Dogtown’s name is something for debate.  One story is that the abandoned homes were used for years by vagrants and other unsavory characters that were said to have acted like dogs.  Another story has the name coming from the fact that as the last remaining families left in the area, dealing with these vagrants, bought dogs for protection.  When these folks died their dogs remained and became feral and howled during the nights.  The area is now dense woods with great hiking trails that used to be roads.  There are also thirty-six ‘Babson Boulders’ which are adorned with inspirational quotes.  These were commissioned during the Great Depression and make for a fun sort of treasure hunt.
            Speaking of a treasure hunt, my final destination was a spot that I was not able to find on my last trip to Gloucester: Annisquam Lighthouse(left).  It is a tough place to find even with a GPS but this time I did.  Located on Wigwam Point the current lighthouse was built in 1897 but the station was established in 1801.  The view along the coast is spectacular; the fact that the keeper’s house is private actually makes it better.  This fact means that to see the lighthouse up close you need to go along the shore, with the lighthouse up on some rocks you end up almost underneath it.  I have never seen a lighthouse from this vantage point.  It was a perfect end to another perfect trip to one of my favorite places.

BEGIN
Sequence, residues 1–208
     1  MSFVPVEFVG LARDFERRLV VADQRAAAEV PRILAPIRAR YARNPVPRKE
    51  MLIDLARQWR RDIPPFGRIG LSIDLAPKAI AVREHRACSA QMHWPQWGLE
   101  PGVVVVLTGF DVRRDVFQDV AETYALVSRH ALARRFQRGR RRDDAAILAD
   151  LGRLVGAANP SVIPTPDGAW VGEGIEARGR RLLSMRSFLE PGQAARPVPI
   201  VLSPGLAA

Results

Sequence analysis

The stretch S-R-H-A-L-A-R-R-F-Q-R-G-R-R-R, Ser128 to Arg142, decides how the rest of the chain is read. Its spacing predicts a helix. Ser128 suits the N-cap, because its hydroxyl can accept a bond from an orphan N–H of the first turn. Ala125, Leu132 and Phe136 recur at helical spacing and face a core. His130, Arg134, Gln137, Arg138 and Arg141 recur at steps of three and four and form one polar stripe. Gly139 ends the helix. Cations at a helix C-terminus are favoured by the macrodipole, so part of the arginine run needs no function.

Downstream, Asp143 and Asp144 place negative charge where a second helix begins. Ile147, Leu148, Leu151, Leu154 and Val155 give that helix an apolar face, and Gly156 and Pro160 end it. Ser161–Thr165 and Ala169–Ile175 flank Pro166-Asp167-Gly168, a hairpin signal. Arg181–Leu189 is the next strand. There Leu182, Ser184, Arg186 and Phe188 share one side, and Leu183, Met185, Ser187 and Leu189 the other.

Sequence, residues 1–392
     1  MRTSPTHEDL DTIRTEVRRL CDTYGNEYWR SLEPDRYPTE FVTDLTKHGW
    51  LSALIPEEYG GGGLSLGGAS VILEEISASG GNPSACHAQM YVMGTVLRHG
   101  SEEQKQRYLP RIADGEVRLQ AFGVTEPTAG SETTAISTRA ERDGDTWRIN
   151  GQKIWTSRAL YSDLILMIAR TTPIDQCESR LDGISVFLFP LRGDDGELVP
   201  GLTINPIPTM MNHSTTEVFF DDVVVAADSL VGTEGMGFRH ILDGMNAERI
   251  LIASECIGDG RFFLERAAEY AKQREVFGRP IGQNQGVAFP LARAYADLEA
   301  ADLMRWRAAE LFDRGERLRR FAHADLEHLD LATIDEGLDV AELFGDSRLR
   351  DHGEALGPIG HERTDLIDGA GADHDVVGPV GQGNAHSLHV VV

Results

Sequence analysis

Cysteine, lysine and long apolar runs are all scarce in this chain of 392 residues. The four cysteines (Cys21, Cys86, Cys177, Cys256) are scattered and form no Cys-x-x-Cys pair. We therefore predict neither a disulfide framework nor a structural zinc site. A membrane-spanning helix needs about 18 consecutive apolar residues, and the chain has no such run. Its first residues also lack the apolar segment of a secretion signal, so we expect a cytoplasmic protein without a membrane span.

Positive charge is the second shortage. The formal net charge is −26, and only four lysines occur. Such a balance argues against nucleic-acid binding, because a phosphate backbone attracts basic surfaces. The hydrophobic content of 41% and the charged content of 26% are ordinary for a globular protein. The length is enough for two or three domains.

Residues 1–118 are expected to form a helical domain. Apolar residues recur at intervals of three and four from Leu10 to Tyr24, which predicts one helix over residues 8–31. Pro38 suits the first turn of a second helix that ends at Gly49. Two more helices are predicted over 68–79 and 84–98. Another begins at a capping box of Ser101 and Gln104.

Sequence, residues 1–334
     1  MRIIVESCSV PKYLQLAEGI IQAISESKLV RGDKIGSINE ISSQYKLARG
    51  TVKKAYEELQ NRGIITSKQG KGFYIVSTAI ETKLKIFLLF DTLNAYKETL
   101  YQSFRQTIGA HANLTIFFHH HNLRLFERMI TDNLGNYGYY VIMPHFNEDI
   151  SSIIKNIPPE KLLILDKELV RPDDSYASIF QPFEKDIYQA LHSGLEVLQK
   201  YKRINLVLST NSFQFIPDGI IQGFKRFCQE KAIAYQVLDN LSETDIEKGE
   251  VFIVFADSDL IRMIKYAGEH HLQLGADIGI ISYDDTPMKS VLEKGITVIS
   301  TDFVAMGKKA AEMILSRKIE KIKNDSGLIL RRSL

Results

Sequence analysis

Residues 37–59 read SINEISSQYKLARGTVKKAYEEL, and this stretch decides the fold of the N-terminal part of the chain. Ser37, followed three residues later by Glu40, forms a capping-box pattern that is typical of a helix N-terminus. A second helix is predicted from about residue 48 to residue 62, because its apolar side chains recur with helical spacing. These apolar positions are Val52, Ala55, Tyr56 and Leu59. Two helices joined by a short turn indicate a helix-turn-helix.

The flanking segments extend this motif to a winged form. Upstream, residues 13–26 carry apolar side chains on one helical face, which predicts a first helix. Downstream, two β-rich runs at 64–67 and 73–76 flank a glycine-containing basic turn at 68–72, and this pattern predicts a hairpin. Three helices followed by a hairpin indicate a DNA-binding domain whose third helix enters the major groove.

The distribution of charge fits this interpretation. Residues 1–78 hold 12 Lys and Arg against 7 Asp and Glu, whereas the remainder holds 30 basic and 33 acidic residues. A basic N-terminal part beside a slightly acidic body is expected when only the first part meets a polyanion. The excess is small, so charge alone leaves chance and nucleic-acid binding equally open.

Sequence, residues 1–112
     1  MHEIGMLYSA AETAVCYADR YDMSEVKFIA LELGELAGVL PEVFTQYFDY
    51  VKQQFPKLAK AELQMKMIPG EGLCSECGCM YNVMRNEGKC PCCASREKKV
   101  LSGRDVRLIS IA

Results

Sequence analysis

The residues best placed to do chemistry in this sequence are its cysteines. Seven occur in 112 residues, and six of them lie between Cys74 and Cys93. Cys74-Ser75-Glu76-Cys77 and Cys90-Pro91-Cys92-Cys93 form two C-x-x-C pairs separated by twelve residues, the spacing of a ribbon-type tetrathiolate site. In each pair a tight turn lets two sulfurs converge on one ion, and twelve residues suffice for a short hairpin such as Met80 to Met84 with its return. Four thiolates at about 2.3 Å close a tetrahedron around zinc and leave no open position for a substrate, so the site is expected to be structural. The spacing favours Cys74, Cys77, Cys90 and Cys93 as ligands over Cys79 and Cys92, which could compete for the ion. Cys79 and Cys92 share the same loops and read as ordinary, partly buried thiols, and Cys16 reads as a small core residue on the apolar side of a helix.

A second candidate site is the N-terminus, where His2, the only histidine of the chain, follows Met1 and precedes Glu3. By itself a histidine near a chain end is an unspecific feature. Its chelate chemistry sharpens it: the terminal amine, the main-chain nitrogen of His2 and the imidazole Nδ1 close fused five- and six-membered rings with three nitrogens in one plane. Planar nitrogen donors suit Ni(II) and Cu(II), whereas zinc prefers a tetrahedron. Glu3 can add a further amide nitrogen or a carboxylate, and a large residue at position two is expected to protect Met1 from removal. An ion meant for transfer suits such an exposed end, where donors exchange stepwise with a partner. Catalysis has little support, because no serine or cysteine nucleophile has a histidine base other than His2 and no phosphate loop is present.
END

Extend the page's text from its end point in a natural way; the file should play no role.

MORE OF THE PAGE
Gloucester, America’s oldest seaport lives up to its reputation as a beautiful getaway for those in Boston.  It is also well worth the trip from anywhere in the state or New England.  It only gets better each time I go.  At times it felt as though I had one foot in the present and one foot in the past.  Lighthouses, medieval castles, spacious parks, legendary abandoned villages, historic memorials; Gloucester has everything you could want in a vacation or a day trip.  I suggest taking more than just a day to discover it all though, or you will find you have missed so much.  Have fun and happy traveling!